I m Reading this because of an assignment It s not the sort of thing or author I d generally bother with.The book is trite, simplistic, poorly written, poorly argued and that from one who is basically in sympathy with her general position She draws a simple minded distinction between education for growth which is bad business or technology oriented and education for critical thinking and self development Humanities though this book, like much of the Humanities today, in fact, exhibits I m Reading this because of an assignm...

  4. says:

    Oh dear I m considering not even putting this book on my Goodreads page because I genuinely feel terrible about not liking it I really WANTED to like this book I LOVE what the book issupposed to be about It s the execution that really disappointed me This book is VERY academic, in the worst sense of the word I really wanted a spirited discussion and defense of the humanities in contemporary American education, and what I got was a very dry comparison to the way American education approa Oh dear I m considering not even putting this book on my Goodreads page because I genuinely feel terrible about not liking it I really WANTED to like this book I LOVE what the book issupposed to be about It s the execution that really disappointed me This book is VERY academic, in the worst sense of the word I really wanted a spirited discussion and defense of the humanities in contemporary American education, and what I got was a very dry comparison to the way American education approaches the humanities and howIndia does Nussbaum spends so much time discussing Rabindranath Tagore that, well, I wanted to throw the book down and say, huffily, IF YOU LIKE HIM SO MUCH JUST WRITE A BOOK ABOUT HIM I really feel the title of this book, and its marketing, really, is sooooo misleading, and I was actually HURT by that I also have to say Nussbaum does spend a few pages discussing the Chicago Children s Choir programs as an example of the way humanitie...

  5. says:

    Este texto me pareci brillante.Un an lisis aterrador del sistema educativo actual y una exposici n de las razones por las que necesitamos en nuestra educaci n y en la vida las humanidades.Un libro muy provechoso para maestros y padres de familia que encontrar n una gu a para educar, desde una edad temprana en el respeto, la equidad, la compasi n y el pensamiento individual proyectado hacia el colectivo con argumentos muy fuertes y v lidos de lo que estamos co...

  6. says:

    Nussbaum calls her book a manifesto Her manifesto on why democracy needs the humanities is made up of 6 interlocking propositions 1 there is a crisis going on in education today 2 this crisis is the shedding away of the humanities, which produce the necessary espirit de corps and competencies for an active and productive democracy 3 this shedding away of...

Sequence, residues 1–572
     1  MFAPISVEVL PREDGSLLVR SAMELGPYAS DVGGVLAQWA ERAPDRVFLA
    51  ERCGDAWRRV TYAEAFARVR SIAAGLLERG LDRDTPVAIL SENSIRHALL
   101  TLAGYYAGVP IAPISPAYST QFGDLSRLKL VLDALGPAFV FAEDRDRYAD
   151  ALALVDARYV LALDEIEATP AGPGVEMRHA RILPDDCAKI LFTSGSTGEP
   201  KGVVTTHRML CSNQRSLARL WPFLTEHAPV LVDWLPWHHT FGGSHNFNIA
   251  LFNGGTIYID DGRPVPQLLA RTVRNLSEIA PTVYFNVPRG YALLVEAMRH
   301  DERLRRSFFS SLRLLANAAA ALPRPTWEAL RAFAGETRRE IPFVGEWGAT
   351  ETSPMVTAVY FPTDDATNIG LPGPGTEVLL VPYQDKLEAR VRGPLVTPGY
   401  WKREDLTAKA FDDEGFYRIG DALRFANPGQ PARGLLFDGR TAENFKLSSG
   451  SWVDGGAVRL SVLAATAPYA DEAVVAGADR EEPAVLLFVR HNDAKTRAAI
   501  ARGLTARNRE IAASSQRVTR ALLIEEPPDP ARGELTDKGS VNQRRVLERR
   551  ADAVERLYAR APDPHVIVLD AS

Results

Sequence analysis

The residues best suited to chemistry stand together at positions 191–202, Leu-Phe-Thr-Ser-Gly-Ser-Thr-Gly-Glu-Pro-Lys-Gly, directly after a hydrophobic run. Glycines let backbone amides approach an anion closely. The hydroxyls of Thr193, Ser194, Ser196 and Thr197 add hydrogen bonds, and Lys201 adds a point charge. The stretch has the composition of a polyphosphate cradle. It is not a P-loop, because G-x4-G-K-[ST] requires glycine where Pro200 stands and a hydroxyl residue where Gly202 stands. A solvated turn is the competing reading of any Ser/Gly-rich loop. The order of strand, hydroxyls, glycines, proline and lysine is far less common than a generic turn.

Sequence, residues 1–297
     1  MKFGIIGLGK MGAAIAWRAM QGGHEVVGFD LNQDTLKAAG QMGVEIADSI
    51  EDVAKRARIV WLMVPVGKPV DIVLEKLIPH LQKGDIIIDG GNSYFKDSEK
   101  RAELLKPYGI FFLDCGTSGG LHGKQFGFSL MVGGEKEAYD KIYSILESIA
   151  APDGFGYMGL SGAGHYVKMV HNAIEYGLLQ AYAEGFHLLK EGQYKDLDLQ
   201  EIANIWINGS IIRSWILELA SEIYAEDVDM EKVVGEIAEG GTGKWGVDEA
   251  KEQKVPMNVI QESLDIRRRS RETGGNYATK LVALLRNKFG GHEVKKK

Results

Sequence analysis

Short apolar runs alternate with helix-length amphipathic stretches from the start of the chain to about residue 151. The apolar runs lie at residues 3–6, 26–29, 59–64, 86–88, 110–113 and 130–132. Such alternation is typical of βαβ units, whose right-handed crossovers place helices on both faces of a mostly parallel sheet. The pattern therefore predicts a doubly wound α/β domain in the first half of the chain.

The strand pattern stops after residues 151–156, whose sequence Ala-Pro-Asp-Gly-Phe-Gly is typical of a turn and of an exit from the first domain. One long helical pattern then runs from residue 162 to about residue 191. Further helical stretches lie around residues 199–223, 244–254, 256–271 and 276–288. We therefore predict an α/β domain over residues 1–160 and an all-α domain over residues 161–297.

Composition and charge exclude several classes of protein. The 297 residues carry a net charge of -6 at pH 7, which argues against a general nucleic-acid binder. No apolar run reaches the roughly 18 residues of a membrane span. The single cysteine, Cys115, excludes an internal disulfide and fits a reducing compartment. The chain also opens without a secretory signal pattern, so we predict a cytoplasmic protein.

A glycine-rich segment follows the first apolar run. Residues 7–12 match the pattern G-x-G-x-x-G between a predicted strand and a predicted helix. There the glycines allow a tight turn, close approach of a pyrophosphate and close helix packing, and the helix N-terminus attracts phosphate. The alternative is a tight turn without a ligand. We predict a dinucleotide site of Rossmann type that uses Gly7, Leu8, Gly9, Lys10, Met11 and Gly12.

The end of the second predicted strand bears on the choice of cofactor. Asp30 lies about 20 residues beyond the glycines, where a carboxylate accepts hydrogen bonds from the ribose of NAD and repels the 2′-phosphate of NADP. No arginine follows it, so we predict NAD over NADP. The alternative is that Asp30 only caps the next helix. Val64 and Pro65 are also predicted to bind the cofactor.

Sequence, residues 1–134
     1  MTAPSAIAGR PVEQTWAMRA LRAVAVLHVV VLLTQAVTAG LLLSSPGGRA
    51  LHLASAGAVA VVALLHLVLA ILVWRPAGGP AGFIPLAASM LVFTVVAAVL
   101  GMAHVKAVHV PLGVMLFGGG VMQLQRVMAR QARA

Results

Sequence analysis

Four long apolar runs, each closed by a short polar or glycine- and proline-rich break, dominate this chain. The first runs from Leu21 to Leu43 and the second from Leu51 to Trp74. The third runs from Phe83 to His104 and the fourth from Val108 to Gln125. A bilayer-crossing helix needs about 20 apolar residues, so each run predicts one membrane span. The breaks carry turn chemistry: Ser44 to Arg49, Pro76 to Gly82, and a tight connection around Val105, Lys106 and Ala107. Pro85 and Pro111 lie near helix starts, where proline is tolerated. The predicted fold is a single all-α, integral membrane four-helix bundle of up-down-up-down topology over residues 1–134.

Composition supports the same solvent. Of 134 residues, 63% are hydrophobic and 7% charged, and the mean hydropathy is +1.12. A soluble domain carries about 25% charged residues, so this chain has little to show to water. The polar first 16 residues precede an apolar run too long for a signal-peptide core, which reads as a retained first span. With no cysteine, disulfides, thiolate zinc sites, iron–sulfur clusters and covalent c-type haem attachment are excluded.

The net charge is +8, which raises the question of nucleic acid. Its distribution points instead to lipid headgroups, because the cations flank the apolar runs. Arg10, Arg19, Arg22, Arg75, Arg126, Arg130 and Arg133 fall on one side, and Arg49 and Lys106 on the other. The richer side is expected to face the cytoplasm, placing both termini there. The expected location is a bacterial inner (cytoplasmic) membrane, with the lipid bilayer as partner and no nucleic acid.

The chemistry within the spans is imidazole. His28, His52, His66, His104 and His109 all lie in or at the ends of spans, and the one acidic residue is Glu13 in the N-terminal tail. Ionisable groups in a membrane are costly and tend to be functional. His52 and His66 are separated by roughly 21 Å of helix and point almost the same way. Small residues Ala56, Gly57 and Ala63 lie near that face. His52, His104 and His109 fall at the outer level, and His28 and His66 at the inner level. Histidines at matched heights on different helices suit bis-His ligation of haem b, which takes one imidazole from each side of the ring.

7. says:

    c cu n n y kh b t ng , kh ng ph i Ch u u m l M m i coi tr ng gi tr c a liberal arts v c c m n nh n v n n i chung h n l Ch u u, n c b Nussbaum ph ph n m nh nh t l Anh, c bi t sau th i Thatcher Kh ng ph i h th ng tr ng c ng d a tr n ng n s ch nh n c, m quy t nh c p ng n s ch l i thu c v c c ch nh tr gia quan li u v n ch u nhi u nh h ng c a c c i h i ng n h n, h i h t c a c tri v c c b nh th nh t ch m l h th ng tr ng t th c d a tr n s ng g p c a c c c nh c cu n n y kh b t ng , kh ng ph i Ch u u m l M m i coi tr ng gi tr c a liberal arts v c c m n nh n v n n i chung h n l Ch u u, n c b Nussbaum ph ph n m nh nh t l Anh, c bi t sau th i T...

  8. says:

    Nussbaum challenges the current push in education to make everything we learn submissive to a specific career This view sees education as a benefit to our economy, largely to those who profit from the labor of others Nussbaum reminds us that education is a public good it benefits the learner, the teacher, and the communities we live in The Humanities teach us not just valuable skills like problem solving and critical thinking that we need in our jobs, but empathy and compassion that we need Nussbaum challenges the current push in education to make everything we learn submissive to a specific career This view sees education as a benefit to our economy, largely to those who profit from the labor of others Nussbaum reminds us that education is a public good it benefits the learner, the teacher, and the communities we live in The Humanities teach us not just valuable skills like problem solving and critical thinking that we need in our jobs, but empathy and compassion that we need to live in a functioning democracy She draws from various approaches inside and outside the US, to provide a broad context Yet, reading this during the 2016 presidential election shows us exactly what is at stake when we fail to have compassion for others Not only the ignorant and hateful speech of the Republican candidate, but the failings of the DNC ...

  9. says:

    Nussbaum recommends Philosophy for Children as an exemplary program of Socratic pedagogy, which, she argues, is a necessary component of education in democratic societies Nussbaum calls attention to a world wide crisis in education 2 making national economic growth its primary purpose This crisis involves radical changes in what democratic societies teach the young, 2 and in particular, the de emphasis and even elimination of teaching the humanities and the arts Nussbaum s own ph Nussbaum recommends Philosophy for Children as an exemplary program of Socratic pedagogy, which, she argues, is a necessary component of education in democratic societies Nussbaum calls attention to a world wide crisis in education 2 making national economic growth its primary purpose This crisis involves radical changes in what democratic societies teach the young, 2 and in particular, the de emphasis and even elimination of teaching the humanities and the arts Nussbaum s own philosophy gives education three aims to prepare people for democratic citizenship, for employment and, importantly, for meaningful lives 9 As her title indicates, the book s focus is on the first of these aims, and its argument may be summed up in two statements democracy requires three broad kinds of abilities the ability to think critically the ability to transcend local loyalties and to approach world problems as a citizen of the world and the ability to imagine sympathetically the predicaments of an...